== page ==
I feel like my gearboxes lately have been getting progressively more ridiculous, and this one just crossed some sort of line. lol
I CADed it just to see how low to the ground a 3 CIM Shifting gearbox could be. I’s not really finished, but I don’t like the design enough to continue working on it. As always, feel free to ask questions or make comments. (even if they’re ridiculous like this gearbox )
That’s not a cim shaft, that’s a regular 3/8" hex shaft.
You’re really starting to push the envelope for these sorts of gearboxes, but there is a limit and you’ve reached it. Now the weight of your box is becoming almost solely dependent on how well you lighten the plates and gears; each new design has to have a certain minimum of gears in it to work.
Have you tried a different design like with belts?
Team 254 uses dog shifting in their gearboxes. Which means that beyond just double loading the pinions, they are cantilevered at the end of the CIM shaft. In this design, and the others that I have posted recently, the pinions are very close to the base of the shaft. This means that the CIM shafts will take a fraction of the torque seen in 254’s gearboxes.
Weight 11.2 lbs including everything shown.
Height 3.3 inches tall. Top of the gearbox is 3.75 inches of the ground if running a 4 in wheel.
Gear ratios are 4.57 to 1 in high and 9.52 to 1 in low. (not really ideal)
What does dog shifting have to do with pinion loading at all? Almost all gearboxes have cantilevered motor pinions, including this one. The only time I’ve seen a fully supported first stage pinion is when a team pressed 3/8 hex sleeves onto their CIMs.
While the distance from the motor and thus bushings matters, it’s still going to be a concern here. It might work, but be careful.
I do like the low profile design a lot, but cleanly integrating three motors into a gearbox without excessive extra weight is indeed quite the packaging challenge - you’ll always compromise something in the design. So you’ll probably always get some nitpick on CD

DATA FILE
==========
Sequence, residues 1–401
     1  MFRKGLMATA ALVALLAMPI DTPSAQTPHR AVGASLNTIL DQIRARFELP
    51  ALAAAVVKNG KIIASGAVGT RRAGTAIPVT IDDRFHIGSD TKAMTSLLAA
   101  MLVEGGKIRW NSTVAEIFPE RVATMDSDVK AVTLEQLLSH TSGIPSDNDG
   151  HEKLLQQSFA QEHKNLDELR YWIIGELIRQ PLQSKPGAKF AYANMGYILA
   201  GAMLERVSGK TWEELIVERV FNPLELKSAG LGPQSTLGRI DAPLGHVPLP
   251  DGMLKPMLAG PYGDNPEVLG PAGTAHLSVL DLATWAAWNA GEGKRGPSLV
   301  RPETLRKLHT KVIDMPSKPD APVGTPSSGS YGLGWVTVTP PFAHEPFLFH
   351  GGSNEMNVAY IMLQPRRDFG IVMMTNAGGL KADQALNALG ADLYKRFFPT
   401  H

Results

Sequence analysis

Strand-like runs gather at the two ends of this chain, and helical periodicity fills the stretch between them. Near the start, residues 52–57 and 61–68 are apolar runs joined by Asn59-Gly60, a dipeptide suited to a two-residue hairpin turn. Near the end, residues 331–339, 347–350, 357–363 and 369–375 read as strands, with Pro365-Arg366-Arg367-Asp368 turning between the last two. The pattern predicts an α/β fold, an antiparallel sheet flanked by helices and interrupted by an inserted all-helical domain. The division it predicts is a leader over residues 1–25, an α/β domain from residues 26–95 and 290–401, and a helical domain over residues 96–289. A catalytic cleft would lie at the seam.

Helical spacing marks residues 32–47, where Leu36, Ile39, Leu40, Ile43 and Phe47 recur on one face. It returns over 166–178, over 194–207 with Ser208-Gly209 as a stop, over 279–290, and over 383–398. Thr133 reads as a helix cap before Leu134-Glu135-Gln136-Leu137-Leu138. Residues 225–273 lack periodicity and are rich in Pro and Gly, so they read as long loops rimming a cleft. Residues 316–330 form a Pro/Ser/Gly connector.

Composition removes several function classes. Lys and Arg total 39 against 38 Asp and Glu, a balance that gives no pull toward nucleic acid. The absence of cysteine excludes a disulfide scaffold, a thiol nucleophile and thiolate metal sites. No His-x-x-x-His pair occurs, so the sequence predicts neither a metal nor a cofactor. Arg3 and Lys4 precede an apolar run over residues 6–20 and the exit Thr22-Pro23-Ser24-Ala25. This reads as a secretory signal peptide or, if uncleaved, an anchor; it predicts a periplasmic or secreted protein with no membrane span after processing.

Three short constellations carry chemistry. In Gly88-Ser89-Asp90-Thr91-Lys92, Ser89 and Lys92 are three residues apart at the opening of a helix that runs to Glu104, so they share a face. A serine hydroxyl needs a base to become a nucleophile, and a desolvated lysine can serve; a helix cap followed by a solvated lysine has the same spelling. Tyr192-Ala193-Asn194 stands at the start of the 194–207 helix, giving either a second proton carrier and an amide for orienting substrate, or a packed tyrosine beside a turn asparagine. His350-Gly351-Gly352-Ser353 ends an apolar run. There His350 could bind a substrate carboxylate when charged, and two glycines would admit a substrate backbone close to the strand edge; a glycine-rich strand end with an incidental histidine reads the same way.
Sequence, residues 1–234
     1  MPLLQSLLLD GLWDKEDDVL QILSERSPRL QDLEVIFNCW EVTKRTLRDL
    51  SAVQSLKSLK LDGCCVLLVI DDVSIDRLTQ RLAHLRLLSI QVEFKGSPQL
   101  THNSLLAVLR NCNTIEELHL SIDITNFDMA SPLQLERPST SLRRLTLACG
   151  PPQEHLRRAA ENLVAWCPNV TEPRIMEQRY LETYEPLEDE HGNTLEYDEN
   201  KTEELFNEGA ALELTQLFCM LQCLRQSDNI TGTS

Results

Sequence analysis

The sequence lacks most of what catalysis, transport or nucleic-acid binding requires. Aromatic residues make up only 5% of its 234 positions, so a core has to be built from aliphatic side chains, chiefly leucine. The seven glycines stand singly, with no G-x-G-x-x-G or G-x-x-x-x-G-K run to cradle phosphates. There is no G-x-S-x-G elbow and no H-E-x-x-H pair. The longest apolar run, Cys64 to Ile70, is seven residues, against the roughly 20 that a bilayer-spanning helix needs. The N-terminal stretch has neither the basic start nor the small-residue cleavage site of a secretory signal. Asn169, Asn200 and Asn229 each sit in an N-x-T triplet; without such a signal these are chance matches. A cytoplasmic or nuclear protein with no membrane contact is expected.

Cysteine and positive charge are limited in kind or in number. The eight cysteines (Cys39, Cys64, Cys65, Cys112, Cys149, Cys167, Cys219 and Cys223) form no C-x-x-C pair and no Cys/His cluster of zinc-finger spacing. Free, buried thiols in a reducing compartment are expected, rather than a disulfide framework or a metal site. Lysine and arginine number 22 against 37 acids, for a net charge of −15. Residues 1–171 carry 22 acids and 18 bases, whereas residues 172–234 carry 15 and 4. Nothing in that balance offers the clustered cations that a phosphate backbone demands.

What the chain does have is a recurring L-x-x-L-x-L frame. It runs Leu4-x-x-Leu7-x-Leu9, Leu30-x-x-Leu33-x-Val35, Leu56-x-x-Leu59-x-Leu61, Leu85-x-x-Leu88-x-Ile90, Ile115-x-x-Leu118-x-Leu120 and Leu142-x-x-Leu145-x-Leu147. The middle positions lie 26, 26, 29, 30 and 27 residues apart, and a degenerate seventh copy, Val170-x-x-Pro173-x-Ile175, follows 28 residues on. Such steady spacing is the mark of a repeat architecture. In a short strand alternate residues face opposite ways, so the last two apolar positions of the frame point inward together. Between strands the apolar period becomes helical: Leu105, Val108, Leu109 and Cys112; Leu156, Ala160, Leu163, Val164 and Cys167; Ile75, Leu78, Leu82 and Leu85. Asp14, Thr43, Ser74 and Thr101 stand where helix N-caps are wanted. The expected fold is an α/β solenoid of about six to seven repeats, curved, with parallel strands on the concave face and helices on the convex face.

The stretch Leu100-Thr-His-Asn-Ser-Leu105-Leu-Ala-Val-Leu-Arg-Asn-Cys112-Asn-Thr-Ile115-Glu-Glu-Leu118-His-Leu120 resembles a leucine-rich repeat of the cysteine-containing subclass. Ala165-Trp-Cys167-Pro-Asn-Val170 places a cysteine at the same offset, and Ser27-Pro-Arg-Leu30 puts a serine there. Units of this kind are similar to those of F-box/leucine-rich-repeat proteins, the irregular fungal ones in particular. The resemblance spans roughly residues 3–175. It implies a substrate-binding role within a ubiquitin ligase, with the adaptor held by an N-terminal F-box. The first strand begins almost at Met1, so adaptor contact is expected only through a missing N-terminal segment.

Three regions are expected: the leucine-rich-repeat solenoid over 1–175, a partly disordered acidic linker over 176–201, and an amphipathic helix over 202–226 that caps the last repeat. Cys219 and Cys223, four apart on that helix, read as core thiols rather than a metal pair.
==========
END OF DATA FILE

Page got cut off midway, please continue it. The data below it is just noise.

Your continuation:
I think he was saying that the bending moment induced by the torsion on the pinion gear is less when the gear is closer to the mounting plate. This would decrease the bending moment and the likelihood of bending the CIM shaft. I recall seeing one bent shaft on our 2013 robot (caused by some significant shock loads in the PTO/hanging mechanism). We used the same mounting scheme in 2014 and saw no bent shafts.
The dog shifter design usually spaces out the pinion by one gears face width. The design he has shown can place the pinion almost directly against the mounting plate.
Why don’t you like it exactily? I think a flat configuration like this at least from a total robot packing components standpoint is ideal, I wish there was a COTS option with a configuration similar to this.
I am in love with the packaging as well, but there are too many compromises necessary to make it fit like this.
-The gear ratios are close together, and they’re not really adjustable.
-You would have to take a standard 64t gear and cut a ball shifter bore in it.
-It requires two expensive bearings that are 0.75" id 1" od.
-two of the motors go through 1 or 3 stages of gearing, and the other goes through 3 or 5 stages of gearing.
-It’s heavier than my other gearboxes.
It would definitely be cool to build one, and you wouldn’t find a gearbox with a lower COG, but I think my other designs are a lot closer to ideal for my team.
As a side note, those bearings only cost a little bit on Boca Bearings, and you could use a bushing if you wanted to.
However, I see why you don’t like this. Custom gears are tricky to machine without a softjaw or machinable collet IME.
The cheapest I found them for was $25. Not super expensive, but that’s $100 dollars per robot that could be avoided. We also don’t have any experience ordering from Boca. Which is also not a deal-breaker, but it adds to the list of difficulties.
It’s a neat idea, if (as you noted), pushing too far unless you REALLY need that low profile. If it’s that important, perhaps you could put one (or maybe even two) of the CIMs on the wheel side of the gear planes, either ahead or behind the wheel. It would limit the wheel size, but it sounds like you’ve already committed to that anyway. Oh, yeah, you’d have to wire or control the wheel-side CIM backwards.